Refugee influx exacerbates Germany’s housing shortage

Germany received about 1.1 million asylum seekers in 2015 and another 280,000 refugees in 2016. In September 2017, Chancellor Angela Merkel agreed to limit the number of refugees accepted by Germany to 200,000 annually.

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In addition to Germany’s limited supply of residential real estate, one problem is that refugees are housed in large cities like Berlin, where the supply of housing is even more limited. They compete for German residential real estate with locals and migrants (mostly from other parts of Europe) who come to the country to work, putting further pressure on the cost and profitability of apartments.

According to Eurostat, there were 102,500 registered asylum seekers in Germany in 2020, about 24.6% of all first-time applicants to the European Union. This is 28% less than a year earlier. For five years in a row, the number of asylum applications has been falling.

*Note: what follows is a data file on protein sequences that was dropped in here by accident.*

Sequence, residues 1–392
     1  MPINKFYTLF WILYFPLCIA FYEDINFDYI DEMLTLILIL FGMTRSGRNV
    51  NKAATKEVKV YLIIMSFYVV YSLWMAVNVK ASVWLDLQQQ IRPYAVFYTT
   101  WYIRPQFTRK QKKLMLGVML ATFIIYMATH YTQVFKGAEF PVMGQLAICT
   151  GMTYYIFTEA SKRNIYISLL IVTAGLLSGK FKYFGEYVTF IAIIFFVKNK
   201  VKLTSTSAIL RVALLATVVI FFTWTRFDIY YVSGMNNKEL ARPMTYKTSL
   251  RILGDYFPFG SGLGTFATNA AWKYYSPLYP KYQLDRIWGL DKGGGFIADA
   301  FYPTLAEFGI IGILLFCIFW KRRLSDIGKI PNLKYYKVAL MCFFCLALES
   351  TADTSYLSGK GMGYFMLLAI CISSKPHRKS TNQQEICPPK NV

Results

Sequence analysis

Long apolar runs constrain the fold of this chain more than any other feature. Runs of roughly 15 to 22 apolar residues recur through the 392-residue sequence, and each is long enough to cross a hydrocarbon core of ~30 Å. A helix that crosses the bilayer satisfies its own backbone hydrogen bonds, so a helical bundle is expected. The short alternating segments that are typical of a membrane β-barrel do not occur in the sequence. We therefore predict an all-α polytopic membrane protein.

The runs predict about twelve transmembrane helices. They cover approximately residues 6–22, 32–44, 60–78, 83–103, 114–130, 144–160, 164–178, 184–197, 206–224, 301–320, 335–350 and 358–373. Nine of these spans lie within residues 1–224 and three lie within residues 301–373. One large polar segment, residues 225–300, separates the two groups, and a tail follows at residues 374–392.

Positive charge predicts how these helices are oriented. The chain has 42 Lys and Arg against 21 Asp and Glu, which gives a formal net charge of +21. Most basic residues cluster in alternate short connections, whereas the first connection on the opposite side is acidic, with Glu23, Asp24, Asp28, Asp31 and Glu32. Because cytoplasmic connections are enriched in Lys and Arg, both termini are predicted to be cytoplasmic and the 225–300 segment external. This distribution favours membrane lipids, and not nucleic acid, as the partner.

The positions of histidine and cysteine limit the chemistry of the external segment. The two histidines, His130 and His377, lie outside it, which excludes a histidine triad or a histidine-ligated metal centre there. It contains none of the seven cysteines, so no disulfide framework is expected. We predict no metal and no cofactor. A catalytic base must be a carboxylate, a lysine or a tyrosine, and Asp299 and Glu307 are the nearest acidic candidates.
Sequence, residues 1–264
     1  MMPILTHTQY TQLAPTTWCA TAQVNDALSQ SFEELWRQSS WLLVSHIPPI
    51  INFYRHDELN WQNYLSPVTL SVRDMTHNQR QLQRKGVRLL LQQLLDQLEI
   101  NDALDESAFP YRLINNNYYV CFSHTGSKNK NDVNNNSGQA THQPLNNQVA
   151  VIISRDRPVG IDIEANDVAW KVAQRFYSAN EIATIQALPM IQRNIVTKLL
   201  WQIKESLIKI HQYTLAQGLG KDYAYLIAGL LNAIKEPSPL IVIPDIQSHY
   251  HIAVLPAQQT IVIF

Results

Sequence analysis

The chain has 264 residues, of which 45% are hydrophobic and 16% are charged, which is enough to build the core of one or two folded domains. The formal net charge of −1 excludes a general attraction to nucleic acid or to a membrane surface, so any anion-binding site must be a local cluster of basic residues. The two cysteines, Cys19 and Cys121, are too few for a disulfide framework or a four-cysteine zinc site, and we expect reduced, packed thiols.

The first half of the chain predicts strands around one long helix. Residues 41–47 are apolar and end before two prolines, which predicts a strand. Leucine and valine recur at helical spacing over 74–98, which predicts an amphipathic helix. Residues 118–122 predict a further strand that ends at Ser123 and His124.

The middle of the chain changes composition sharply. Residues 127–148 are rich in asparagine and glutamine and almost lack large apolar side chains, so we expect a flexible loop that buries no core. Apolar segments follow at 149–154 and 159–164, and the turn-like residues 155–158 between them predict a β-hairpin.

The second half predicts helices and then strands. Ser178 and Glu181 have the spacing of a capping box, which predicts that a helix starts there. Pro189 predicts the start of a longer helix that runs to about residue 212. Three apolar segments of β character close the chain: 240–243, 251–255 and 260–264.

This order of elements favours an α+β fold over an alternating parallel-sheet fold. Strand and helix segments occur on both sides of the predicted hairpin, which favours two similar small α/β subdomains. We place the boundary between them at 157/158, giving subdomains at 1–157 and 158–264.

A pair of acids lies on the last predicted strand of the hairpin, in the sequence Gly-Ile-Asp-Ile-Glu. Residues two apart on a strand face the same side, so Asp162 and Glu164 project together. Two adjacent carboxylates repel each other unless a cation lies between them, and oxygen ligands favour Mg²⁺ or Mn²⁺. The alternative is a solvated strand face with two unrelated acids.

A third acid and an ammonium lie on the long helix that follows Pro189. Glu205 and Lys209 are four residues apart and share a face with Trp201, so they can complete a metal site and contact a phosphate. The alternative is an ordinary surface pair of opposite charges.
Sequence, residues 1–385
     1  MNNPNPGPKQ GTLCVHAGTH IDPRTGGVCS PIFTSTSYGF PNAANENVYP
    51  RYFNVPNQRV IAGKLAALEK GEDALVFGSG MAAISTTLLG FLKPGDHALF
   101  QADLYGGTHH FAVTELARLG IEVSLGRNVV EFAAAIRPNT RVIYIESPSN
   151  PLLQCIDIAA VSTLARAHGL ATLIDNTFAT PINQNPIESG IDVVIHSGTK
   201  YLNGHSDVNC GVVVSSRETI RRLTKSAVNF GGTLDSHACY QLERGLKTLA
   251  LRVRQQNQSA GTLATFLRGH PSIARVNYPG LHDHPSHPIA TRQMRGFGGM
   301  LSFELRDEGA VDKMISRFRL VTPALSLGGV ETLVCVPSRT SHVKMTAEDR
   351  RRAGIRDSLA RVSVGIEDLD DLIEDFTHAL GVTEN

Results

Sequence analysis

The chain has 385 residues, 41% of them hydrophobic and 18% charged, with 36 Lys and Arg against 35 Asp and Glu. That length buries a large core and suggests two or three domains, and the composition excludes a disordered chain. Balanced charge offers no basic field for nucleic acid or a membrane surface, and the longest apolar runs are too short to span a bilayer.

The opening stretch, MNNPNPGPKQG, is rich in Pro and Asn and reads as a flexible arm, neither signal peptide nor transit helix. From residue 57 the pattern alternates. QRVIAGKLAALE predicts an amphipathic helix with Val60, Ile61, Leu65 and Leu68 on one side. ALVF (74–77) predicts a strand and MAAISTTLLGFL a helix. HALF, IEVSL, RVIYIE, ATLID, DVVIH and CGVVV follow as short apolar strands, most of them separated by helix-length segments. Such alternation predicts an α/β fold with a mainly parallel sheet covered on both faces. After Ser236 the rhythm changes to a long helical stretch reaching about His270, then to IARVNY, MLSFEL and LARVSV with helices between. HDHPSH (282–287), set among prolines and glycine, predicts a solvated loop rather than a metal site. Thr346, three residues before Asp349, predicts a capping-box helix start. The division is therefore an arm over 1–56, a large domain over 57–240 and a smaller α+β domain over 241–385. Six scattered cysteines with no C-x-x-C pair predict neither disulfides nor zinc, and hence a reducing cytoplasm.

On Dec. 31, 2020, the German government lifted the ban on deporting Syrian nationals, allowing the country to deport those deemed a security threat. The ban had been in place for eight years and was repeatedly extended because of the ongoing Syrian civil war.

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